Area 405, which houses the Station North Tool Library, artist spaces and more, has been sold to a partnership that plans to upgrade it and keep it affordable. Photo by Ed Weiss.

Area 405, an artist hub and maker space in Baltimore’s Station North arts district, has been sold to a partnership that plans to upgrade it and continue operating it as an affordable artist community.

The new owner is 405-417 East Oliver Street Partners, a limited liability corporation formed by the nonprofit organization Central Baltimore Partnership and Baltimore-based real estate developer Ernst Valery. The transaction closed today and the sale price was $3.8 million.

Located at 405 East Oliver Street, the 120-year-old building is considered Baltimore’s largest hub of art studios and workspaces, housing more than 40 artists as well as an events and gallery space and the Station North Tool Library. Its fate has been uncertain since last year, when the previous owners disclosed plans to sell the 71,744-square-foot property. Artists feared they could be displaced if it were sold to a developer that wanted to raise rents or change its use.

In response, the Central Baltimore Partnership sought ways to keep Area 405 in operation and protect the current occupants from displacement. Its solution was to form a partnership with Valery to acquire and renovate the building for continued use as an arts hub and anchor for Greenmount West and the Station North Arts and Entertainment District.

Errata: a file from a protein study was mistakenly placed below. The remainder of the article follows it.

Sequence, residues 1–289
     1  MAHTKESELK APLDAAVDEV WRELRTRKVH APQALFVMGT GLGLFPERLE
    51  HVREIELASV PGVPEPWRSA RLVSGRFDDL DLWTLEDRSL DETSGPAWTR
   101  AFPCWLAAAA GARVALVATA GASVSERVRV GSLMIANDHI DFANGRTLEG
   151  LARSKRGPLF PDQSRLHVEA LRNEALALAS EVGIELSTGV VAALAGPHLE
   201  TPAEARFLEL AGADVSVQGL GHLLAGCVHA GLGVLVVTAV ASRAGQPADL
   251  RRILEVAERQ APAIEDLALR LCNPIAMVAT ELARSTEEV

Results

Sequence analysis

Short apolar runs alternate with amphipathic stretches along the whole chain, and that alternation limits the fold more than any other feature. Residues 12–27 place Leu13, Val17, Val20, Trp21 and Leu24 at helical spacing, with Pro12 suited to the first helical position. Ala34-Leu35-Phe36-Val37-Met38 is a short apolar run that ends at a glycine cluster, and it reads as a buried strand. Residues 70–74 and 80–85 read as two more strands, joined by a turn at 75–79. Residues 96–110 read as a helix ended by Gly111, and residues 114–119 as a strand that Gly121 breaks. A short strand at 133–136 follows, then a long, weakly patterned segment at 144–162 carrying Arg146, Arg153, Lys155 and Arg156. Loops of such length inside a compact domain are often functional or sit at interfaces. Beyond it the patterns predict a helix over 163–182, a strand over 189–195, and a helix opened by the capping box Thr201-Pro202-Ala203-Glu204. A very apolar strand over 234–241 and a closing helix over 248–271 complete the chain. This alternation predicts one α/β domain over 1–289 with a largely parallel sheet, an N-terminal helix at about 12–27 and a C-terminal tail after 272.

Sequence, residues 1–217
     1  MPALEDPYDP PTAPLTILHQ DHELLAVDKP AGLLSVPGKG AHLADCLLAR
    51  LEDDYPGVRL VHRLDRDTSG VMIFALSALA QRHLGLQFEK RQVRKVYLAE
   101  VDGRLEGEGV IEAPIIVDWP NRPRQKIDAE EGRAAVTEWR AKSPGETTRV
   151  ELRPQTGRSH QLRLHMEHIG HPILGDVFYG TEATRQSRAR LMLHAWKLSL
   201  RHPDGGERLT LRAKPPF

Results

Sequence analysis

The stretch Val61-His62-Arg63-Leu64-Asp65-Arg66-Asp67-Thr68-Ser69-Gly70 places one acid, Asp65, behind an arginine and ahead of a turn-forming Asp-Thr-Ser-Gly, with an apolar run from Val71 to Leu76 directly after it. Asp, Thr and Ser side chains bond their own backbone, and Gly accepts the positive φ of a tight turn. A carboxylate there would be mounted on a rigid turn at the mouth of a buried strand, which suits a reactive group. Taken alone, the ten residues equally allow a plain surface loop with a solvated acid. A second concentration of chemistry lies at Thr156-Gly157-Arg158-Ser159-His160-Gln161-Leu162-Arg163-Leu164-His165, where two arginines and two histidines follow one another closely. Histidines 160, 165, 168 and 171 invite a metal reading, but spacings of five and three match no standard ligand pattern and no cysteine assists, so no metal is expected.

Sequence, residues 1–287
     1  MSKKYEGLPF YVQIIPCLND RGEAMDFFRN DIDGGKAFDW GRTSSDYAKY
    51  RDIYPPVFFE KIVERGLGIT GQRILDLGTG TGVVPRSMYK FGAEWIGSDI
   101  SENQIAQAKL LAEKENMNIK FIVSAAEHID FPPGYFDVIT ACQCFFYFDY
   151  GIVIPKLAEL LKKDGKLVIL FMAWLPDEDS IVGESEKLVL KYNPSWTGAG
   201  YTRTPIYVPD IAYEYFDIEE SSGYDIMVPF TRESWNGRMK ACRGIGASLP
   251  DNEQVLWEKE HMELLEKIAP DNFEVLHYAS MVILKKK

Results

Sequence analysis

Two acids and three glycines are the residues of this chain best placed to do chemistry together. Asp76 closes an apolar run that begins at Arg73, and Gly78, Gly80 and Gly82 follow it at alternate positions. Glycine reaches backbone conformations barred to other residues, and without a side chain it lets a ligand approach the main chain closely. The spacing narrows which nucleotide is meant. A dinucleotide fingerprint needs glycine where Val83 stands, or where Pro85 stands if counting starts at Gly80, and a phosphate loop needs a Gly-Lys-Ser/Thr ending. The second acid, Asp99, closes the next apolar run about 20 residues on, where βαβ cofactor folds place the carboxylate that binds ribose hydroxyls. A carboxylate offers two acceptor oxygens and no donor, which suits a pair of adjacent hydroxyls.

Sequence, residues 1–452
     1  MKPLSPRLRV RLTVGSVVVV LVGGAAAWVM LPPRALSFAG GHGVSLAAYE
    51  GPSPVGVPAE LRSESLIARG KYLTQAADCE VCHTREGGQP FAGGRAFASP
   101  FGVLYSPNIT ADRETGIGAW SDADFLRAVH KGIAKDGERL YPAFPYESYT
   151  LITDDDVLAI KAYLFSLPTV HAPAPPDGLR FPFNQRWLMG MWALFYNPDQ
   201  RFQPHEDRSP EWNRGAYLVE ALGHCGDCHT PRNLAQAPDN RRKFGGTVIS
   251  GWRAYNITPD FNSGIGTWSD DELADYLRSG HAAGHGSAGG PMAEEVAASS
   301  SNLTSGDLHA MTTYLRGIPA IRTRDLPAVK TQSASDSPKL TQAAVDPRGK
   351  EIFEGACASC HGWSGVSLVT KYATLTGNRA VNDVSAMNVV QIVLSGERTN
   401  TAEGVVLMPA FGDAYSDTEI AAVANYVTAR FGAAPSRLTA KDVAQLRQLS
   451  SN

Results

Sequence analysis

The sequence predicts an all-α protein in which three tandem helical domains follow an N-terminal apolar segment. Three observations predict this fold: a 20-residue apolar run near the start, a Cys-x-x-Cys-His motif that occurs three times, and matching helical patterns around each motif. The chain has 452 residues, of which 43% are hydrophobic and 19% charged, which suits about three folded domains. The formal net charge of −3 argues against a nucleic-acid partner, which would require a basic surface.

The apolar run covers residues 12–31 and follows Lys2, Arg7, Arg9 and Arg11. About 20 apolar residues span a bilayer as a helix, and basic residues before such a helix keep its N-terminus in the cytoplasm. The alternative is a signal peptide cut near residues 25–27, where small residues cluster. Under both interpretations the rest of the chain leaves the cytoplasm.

The plan drew praise from Baltimore Mayor Brandon Scott.

“While Greenmount West is one of the fastest-growing areas in Baltimore City, it has achieved a delicate balance of income, race, and tenure diversity thanks to the contributions of the many stakeholders within this community,” Scott said in a statement. “I am happy to see that Area 405 will be improved, its mission of housing makers and artists will be preserved, and additional activation will be expanded in order to preserve affordability and instill equity in the neighborhood.”

CBP and a partner, the Baltimore Arts Realty Corporation, will manage the building for the new ownership team.

According to CBP executive director Ellen Janes, the plan is to preserve the arts uses in the building, significantly expand the number of art studios into areas that are now used as residences or for storage, explore the development of affordable apartments for artists in the rear of the building, and possibly add other street-level uses that would complement the current uses and help activate East Oliver Street, such as retail pop-ups for local makers.

The first phase of improvements to Area 405 building in the Station North arts district has a budget of $300,000. Photo by Ed Weiss.

The first phase of improvements, designed by L2 Design Studio, is expected to be completed by this summer and includes work to ensure that the building is in compliance with the city’s building code. Ziger/Snead Architects donated early architectural analysis. John Renner, principal of Timshel Development, is the development advisor. The budget for first phase improvements is $300,000.

The Station North arts district “has seen a rush of buying by investors that threatens the increasingly vibrant, diverse community created by many stakeholders—including longtime residents, new homeowners and renters, local artists, and nonprofits, with generous philanthropic and public support,” Janes said in a statement.

“Along with Ernst, our team plans to work with the current tenants of the building, members of the Station North Arts District, and the Greenmount West Community Association to both protect the existing uses and activate the building to enhance its contribution to both the arts and the broader community. We have a strong track record of creating opportunities for Black-and women-owned enterprises in Central Baltimore, and we will give priority to emerging Black and Brown artists and makers in recruitment and support for new tenants.”